An old Romanian proverb states that “the people bless the place” and good old town of Hoi An, is living proof of the blessing its people – locals and expats alike – have brought upon it.
Vietnam is increasingly modern and bustling, working hard to catch up with the neighboring Asian tigers. Hoi An, however, seems to be more interested in preserving its two thousand year old fame as the “peaceful meeting place” (the meaning of hoi an) while benefitting from all the perks of modern civilization.
Slow paced, homely, and scented, with the heart of a grandmother and the smile of a kid, a mere 30 kilometers from the metropolis of Da Nang (and its airport) and a few clicks away from the virtually endless An Bang beach, dotted with fancy restaurants and cafes. Hoi An is the perfect meeting place for those who seek a tranquil, yet culturally dense holiday, as well as for those who want to work online, far from the European or North American winter.
The one thing that was missing from Hoi An until recently was a quiet co-working space. This shortage was promptly solved by the 32 year-old German digital nomad Sarah Kuhlemann who, on her second visit to the town, decided to create such a place. The predictable result of her painstaking effort was Hub Hoi An, what I would call a co-being space.
Its members do work hard, but they also help each other, learn from each other, and most importantly, have a lot of fun together.
On my first night in Hoi An I was invited to join the Hub’s ad-hoc team to a local trivia competition. We won by a difference of 40 points, my only humble contribution was to answer a question regarding a very specific dish from the Balkan region, the mici (pronounced like Mitch).
The credit for assembling this dream team should go to Sarah for her amazing ability of bringing people together and blessing every place she touches. If you want to learn how she does that, better read on.
The Kuhlemanns are a family of travellers. They’ve lived almost everywhere in Germany. Sarah’s father has always been an adventurer and he took his two daughters traveling since they were very young. These early trips gave Sarah the bug at a very early age and ever since she has kept on looking for adventure.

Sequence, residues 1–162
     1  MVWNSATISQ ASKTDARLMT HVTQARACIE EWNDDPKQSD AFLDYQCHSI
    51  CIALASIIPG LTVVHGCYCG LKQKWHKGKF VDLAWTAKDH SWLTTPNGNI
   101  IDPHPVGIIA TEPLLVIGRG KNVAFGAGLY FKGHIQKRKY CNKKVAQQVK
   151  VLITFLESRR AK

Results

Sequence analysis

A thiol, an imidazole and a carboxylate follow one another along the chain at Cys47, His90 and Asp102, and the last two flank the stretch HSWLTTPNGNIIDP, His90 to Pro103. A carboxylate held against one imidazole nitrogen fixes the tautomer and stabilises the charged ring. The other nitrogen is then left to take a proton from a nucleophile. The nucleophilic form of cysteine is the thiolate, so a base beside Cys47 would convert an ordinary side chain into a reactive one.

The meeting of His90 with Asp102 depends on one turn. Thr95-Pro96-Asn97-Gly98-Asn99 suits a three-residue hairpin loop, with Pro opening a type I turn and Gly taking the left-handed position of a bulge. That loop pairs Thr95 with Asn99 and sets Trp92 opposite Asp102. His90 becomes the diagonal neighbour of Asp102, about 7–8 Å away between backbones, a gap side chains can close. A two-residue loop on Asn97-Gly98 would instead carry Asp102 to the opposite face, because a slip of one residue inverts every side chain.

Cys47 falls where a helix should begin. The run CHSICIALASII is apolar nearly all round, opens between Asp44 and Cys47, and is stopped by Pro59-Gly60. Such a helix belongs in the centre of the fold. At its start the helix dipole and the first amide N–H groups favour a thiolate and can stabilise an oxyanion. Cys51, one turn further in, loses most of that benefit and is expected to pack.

At the age of 16, when all her high-school mates took the compulsory semester abroad to US, UK or France, Sarah chose a school in Kodaikanal, Southern India. She spent 6 months studying there with no TV, smartphone or internet connection; just classes, books, a plethora of new friends and one phone call per month to tell her mom that she was fine.
Actually, she was way beyond fine. She was fascinated by the colors, the scents, the food, the people and the tropical weather. She fell in love with Asia, a love that guided her throughout her life.
After high school she chose to study Tourism and Event Management and wrote her bachelor thesis on Myanmar. She quickly found a job with a German tour operator specialized in Myanmar and Indochina, and spent the next 5 years traveling to Asia, inspecting sights and designing tours. It seemed like the dream job, but…
“It wasn’t real traveling”, she recalls. “I didn’t have time to immerse myself into the culture, to meet the real people on the streets. I was working from 6 AM to midnight, going through long business discussions and 9-course meals with local operators, inspecting hotel after hotel. It was a great job and I enjoyed it, but it was not enough.”
By now you’ve all guessed that she eventually quit and, soon after, she sold her car, packed up her things and went to travel by herself, no strings attached, around the world.
First stop: Kodaikanal, where she met her former Indian roommates after almost 15 years. The reunion was generously sprinkled with tears of joy. South East Asia was next, and then off she went to the Pacific Islands, South America, Cuba, US and Canada and New Zealand. How did she fund such an amazing round-the-world-and-back journey? Initially, she lived off her savings, and later on her craving for new horizons pushed her into becoming a digital nomad.
“I had some savings because I dreamed about this trip since childhood. I wanted to travel and work, but picking fruits on an Australian farm was not my thing. I love to work on my laptop. I love researching and writing,
I had a degree in tourism and a passion for Asia, so I left thinking that I could live off of writing articles for tour operators and magazines. But I didn’t have a client at the time of my departure.
The first 3 months were super-exciting. However, the savings were draining up quickly and I realized how difficult it was to find clients while on the way.